I DON’T USUALLY spend a lot of precious time thinking about Donald Trump, but his dust-up last month with a public relations consultant offers an unexpected object lesson about basic media relations.
The incident surrounds an article about Trump by McKay Coppins of Buzzfeed, the online news / entertainment / click-bait (or whatever you want to call it) site. According to the New York Post, after a request to allow Coppins to interview him during a trip to New Hampshire (“Trump was there to deliver a political speech widely seen as being aimed at running for president in 2016 and not for New York governor this year,” the Post said.), Trump turned to his media advisor, Sam Nunberg, to ask whether or not he should do it.
Trump said his first reaction was not to do the interview, saying, “I understand what Buzzfeed is.”
“But Sam said to me, ‘This guy is a friend of mine. It’s going to be a great story. I have confidence it will be fair.’
So I actually did the interview as a courtesy to Sam.
“But I said to Sam, ‘If this guy writes a fair story, that’s fine. But if he writes a wise-guy story, you’ll be fired.’ And I said to Sam, ‘OK?’
“And Sam said, ‘OK.’ ’’
Coppins wrote what is actually a pretty interesting, but not terribly flattering piece. I can see how Trump might consider it a “wise-guy” story, but then, as you’ll see, Trump provided some undeniably weird material, which Coppins recorded. Was it accurate? I don’t know, but it all seems plausible.
“After the article appeared, Trump acknowledged, ‘I called [Nunberg] in and said, ‘Sam, you’re fired!’ Trump said the article was filled with ‘inaccurate reporting’’ and presented flippant or out-of-context remarks.”
[Sigh] Where to begin? Based only on what I read in this Post article (there might be more to the story, but I sort of doubt it):
First of all, it might surprise you to hear me say that I have a little sympathy for Trump on this. But only a little. He was apparently conscious enough to know what BuzzFeed is, and, based on that, was hesitant to give an interview in the first place.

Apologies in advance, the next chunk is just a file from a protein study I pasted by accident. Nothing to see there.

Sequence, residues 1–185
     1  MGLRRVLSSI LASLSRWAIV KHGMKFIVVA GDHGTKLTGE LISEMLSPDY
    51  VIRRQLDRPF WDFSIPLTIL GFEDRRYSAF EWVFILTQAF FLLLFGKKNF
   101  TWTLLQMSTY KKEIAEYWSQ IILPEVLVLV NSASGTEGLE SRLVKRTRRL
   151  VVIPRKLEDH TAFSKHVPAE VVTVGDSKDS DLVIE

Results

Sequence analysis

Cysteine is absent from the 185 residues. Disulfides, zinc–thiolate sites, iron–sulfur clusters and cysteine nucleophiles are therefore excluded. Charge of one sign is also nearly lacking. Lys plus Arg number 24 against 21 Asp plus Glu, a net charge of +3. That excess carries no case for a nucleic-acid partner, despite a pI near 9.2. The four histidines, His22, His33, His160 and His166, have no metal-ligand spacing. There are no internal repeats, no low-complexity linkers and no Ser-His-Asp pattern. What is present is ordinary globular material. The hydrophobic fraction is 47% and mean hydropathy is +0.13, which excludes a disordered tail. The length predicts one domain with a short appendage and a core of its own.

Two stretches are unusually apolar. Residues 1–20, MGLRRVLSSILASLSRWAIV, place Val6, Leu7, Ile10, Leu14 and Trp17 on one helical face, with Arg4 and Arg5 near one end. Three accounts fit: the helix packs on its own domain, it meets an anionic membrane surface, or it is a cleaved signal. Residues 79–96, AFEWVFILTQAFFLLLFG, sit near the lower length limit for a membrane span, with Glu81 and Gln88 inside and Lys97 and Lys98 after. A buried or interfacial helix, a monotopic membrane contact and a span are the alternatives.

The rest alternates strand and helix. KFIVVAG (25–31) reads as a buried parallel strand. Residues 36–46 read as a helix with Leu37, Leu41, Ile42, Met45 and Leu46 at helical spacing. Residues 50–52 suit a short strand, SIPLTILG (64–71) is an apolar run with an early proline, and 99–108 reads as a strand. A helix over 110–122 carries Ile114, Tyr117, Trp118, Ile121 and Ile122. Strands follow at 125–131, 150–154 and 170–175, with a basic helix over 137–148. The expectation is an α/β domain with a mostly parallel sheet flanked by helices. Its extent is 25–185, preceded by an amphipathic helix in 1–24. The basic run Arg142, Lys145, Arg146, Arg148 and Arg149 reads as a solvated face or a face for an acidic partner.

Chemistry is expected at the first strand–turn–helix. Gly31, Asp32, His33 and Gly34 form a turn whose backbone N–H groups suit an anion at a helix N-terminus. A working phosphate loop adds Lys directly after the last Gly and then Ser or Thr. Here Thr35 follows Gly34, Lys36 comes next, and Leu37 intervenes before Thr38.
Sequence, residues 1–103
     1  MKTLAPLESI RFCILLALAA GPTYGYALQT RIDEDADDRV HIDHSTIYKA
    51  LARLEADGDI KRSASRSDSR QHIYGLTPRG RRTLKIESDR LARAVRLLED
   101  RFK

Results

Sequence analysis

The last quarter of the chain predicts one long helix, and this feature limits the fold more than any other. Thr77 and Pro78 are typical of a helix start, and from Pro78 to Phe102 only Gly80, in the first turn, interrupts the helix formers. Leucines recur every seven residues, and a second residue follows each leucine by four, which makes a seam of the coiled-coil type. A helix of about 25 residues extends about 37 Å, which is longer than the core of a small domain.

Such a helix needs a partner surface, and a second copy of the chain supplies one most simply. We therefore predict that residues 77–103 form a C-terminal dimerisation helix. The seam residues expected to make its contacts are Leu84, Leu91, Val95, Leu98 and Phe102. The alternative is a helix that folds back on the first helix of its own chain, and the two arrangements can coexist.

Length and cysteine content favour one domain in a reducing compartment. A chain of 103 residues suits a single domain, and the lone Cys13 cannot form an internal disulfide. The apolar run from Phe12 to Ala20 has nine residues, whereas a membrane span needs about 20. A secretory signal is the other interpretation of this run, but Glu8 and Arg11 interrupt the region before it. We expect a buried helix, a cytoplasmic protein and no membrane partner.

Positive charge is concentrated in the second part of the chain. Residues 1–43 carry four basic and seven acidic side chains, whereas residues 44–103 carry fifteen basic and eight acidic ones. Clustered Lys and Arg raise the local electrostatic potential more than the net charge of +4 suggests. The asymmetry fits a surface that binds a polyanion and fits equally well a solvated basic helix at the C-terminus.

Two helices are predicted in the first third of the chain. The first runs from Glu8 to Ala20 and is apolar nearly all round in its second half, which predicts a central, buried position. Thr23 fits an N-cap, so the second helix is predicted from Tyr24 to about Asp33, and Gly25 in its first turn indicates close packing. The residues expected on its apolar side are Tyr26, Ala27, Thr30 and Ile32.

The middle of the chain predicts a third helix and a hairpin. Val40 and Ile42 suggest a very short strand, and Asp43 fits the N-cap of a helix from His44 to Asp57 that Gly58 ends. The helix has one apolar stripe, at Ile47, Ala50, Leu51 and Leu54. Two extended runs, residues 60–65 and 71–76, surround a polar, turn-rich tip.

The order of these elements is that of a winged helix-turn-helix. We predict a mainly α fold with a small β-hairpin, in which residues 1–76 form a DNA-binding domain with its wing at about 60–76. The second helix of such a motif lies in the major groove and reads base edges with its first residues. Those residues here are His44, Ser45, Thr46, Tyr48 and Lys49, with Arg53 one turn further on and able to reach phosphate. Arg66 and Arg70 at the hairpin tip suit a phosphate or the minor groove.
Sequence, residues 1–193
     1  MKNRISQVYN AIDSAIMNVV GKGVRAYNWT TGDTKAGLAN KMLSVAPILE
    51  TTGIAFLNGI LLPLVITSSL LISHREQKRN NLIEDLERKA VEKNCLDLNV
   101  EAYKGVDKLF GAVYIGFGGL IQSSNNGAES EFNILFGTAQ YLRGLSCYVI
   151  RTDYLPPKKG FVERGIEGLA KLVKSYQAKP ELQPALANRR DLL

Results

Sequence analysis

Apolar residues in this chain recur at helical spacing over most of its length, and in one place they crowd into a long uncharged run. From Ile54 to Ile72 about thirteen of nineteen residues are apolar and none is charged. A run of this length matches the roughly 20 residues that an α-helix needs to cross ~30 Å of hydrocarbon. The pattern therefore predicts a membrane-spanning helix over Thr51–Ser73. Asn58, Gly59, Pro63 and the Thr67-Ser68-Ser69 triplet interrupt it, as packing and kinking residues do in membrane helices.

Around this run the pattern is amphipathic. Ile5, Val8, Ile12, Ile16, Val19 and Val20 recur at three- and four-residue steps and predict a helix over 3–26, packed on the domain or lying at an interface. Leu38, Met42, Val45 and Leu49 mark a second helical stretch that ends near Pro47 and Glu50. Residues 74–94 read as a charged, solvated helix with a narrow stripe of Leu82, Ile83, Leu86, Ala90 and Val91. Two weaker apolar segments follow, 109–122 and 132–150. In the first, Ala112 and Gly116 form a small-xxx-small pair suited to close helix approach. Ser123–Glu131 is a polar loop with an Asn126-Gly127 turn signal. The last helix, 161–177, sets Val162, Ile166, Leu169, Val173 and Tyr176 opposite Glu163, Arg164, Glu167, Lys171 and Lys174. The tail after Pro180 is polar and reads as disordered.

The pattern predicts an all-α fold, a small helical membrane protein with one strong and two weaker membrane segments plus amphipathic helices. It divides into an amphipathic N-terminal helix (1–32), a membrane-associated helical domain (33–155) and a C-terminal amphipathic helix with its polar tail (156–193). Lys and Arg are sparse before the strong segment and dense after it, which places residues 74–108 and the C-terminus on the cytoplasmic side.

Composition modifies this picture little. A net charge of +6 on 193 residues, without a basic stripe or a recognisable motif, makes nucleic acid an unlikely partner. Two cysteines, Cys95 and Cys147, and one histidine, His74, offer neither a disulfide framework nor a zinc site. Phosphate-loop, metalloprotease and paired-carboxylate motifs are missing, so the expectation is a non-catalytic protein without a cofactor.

I don’t blame him. While I think there is a time and place for BuzzFeed’s offerings – hey, it can be fun to read sometimes – Trump is too colorful a character to expect any media outlet, much less this one, to leave out his unsightly blemishes.
Second, his advisor, Sam Nunberg, was a bit naïve, to say the least, to think that a relationship with Coppins would produce a puff piece. I can hear the editors saying, “Dude [I don’t know why, but I imagine Buzzfeed people say “Dude” a lot, but I’m stereotyping], bring me back a good one. Something juicy.” The truth is, there aren’t many news outlets that would think differently. Trump’s entertainment value, particularly when he deludes himself into thinking he’s a viable candidate for public office, is just too hard to resist.
To be sure, Nunberg had to go with his gut to a certain extent. I’ve been there, too. We have to evaluate what we think is likely to happen when we engage with a reporter – even if he or she is a friend. To a certain extent, we always have to take a leap of faith that the reporters will live up to their assurances to be fair and thorough.
Still, ultimately, the control is completely out of our hands. Contrary to what our clients and the uninformed think,wWe p.r. people do not “control” reporters (at least not in the U.S. – things are different around the world). We try to maximize the chances that things will come out well . Sometimes — but not often– we get burned.
If my client was as sensitive to unfavorable coverage as Trump seemed to be in this case (amazingly for a guy who’s so in love with getting into the media), I’d say, “You really shouldn’t be doing media at all,” or, at the very least, I can’t guarantee you anything, so don’t do it if you have a queasy feeling.
More strategically, what did either Nunberg or Trump think they were going to get out of BuzzFeed, even if the article had pleased Trump. While it promises wide circulation, I’m not sure BuzzFeed would give Trump the credibility he needs to mount a campaign for public office – or whatever the hell he thinks he’s trying to accomplish.
I feel a bit sorry for Nunberg, but he had to know that working for Trump was never going to be easy. But I also feel a bit sorry for Trump, who, after all, trusted his advisor to give him good guidance. He should have known better himself, especially considering that he gave extraordinary, behind-the-scenes access to the reporter.
I also feel sorry for all of the rest of us who seek out good and serious news reporting and who too often see news organizations eating up valuable media real estate and air time with Trump’s crazy rantings.
Trump photo by Gage Skidmore
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